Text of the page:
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The Concept of the Cloud and Cloud Services

August 8, 2011

The concept of the cloud and cloud services is persuading more and more users—large enterprises, small/medium-sized businesses (SMBs) and consumers—to lay down their IT burdens and move to higher ground. As the cloud-service concept steadily morphs into solid reality, service providers are staking out various positions in this new marketplace with an eye toward creating new revenue streams. Cloud computing is a model for enabling convenient, on-demand network access to a shared pool of configurable computing resources.

There are three basic cloud service models: software as a service (SaaS), platform as a service (PaaS), and infrastructure as a service (IaaS). In the SaaS model the provider’s applications run on a cloud infrastructure and the user accesses applications from various client devices through a thin client interface such as a web browser (web-based e-mail). The consumer does not manage or control the underlying cloud infrastructure: network, servers, operating systems, storage or even individual application capabilities, with the possible exception of limited user-specific application configuration settings.

PaaS deploys onto the cloud consumer-created or acquired applications created using programming languages and tools supported by the provider. The consumer does not manage or control the underlying cloud infrastructure but does has control over the deployed applications and sometimes over the application hosting environment configurations.

IaaS provides provision processing, storage, networks, and other fundamental computing resources where the consumer can deploy and run software, which can include operating systems and applications. The consumer does not manage or control the underlying cloud infrastructure but has control over operating systems, storage, deployed applications, and sometimes limited control of select networking components, for example, host firewalls.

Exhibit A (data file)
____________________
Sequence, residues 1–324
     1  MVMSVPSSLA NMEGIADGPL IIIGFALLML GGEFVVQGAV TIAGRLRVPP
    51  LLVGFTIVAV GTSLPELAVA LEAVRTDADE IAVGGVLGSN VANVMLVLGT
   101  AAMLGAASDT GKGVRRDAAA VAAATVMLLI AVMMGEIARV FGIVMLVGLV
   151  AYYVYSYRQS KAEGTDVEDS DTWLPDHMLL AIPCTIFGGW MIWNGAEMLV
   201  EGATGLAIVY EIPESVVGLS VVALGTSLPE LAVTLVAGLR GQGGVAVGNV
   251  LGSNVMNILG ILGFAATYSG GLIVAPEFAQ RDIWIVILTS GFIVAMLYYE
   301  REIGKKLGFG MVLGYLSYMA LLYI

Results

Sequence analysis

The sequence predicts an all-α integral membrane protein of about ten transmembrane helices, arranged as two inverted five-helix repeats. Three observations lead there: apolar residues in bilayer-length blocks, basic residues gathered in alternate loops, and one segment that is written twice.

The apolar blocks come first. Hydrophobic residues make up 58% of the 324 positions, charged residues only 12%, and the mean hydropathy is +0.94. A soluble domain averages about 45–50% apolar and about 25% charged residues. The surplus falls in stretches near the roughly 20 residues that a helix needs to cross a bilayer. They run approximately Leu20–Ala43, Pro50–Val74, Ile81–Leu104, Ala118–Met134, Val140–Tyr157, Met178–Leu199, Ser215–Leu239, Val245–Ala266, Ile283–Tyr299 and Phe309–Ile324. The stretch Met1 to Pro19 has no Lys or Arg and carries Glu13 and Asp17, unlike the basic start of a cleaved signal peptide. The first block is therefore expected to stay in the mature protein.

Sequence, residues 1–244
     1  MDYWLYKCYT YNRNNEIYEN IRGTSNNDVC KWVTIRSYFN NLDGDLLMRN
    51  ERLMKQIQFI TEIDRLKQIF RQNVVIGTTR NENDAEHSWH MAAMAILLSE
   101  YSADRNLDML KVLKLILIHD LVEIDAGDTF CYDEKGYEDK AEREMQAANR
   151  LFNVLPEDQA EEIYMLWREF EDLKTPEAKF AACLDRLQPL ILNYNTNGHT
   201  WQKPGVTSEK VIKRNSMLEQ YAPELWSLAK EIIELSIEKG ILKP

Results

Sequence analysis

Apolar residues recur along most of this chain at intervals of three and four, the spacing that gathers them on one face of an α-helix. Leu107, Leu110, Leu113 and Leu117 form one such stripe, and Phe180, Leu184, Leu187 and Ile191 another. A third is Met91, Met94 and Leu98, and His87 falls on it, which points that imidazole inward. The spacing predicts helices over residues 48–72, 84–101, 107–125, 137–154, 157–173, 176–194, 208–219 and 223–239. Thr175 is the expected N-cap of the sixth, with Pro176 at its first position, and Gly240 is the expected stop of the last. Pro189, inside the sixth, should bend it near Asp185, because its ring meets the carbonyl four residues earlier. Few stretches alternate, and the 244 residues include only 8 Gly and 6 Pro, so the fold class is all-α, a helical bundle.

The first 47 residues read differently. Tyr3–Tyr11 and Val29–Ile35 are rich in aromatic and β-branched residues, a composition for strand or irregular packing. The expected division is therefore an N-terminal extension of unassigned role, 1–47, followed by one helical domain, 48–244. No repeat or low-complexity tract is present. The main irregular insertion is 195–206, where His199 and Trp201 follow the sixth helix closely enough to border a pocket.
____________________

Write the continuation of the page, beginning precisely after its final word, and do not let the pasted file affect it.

Four deployment models

There are four different types of cloud and each has unique characteristics. In a private cloud the infrastructure is operated solely for an organization. It may be managed by the organization or a third party and may exist on premise or off premise.

In a community cloud the infrastructure is shared by several organizations and supports a specific community that has similar concerns, for example, mission, security requirements, policy, and compliance considerations. It may be managed by the organizations or a third party and may exist on premise or off premise.

Public cloud infrastructure is available to the general public or a large industry group and is owned by an challenges. Corporations’ and small businesses’ environments are becoming increasingly complex and competitive. Consumers are also more demanding newer and faster products and services and this trend is forcing companies to not only deliver new products or services but to do so rapidly. This demand, which is global, is nudging businesses to become more agile.

The threat of voice traffic from VoIP is also very real. Suppliers are competing with telecoms operators to offer integrated communications packages, notably by developing new applications compatible with fixed, mobile handsets or computers (for example, Skype). The current expansion in permanent connections to the Internet via smartphones and broadband usages such as TV as part of triple-play and quad-play offerings or fixed-line and mobile Internet streaming has already resulted in the saturation of the existing collection and transfer networks.

Consequently, providers have to heavily invest to boost capacity on their collection and transport network. In addition to market saturation in industrialized countries, prices and margins are alsodecreasing for fixed line, broadband Internet and mobile telephony. Telecom carriers delivering new IT services to enterprises and SMBs to generate new revenue streams have become the biggest threat for system integrators and VARs; not only do they own the connectivity, but now by offering IT services this puts them in a position to offer an end-to-end solution.

VARs and system integrators are quickly figuring out new partnerships, and partner to partner  partnering is becoming a new trend. As companies move from having in-house IT services to managed services options they are discovering that they can dramatically benefit from cloud services.

The cloud benefit is twofold: 1) they do not have to invest heavily in IT and HR resources and can allocate their internal resources on the organization’s mission-critical tasks, and 2) they can still efficiently deliver products or services to their customers. IT has always been an asset that has helped companies operate more efficiently. And now global economies are more closely aligned, corporate IT has to adapt quickly to enable rapidly evolving business processes needed by functional entities such as sales, marketing, finance or engineering. The integration of cloud computing technologies is one option to enable this flexibility. Cloud Computing

By Jerome Oriel, ACG Research

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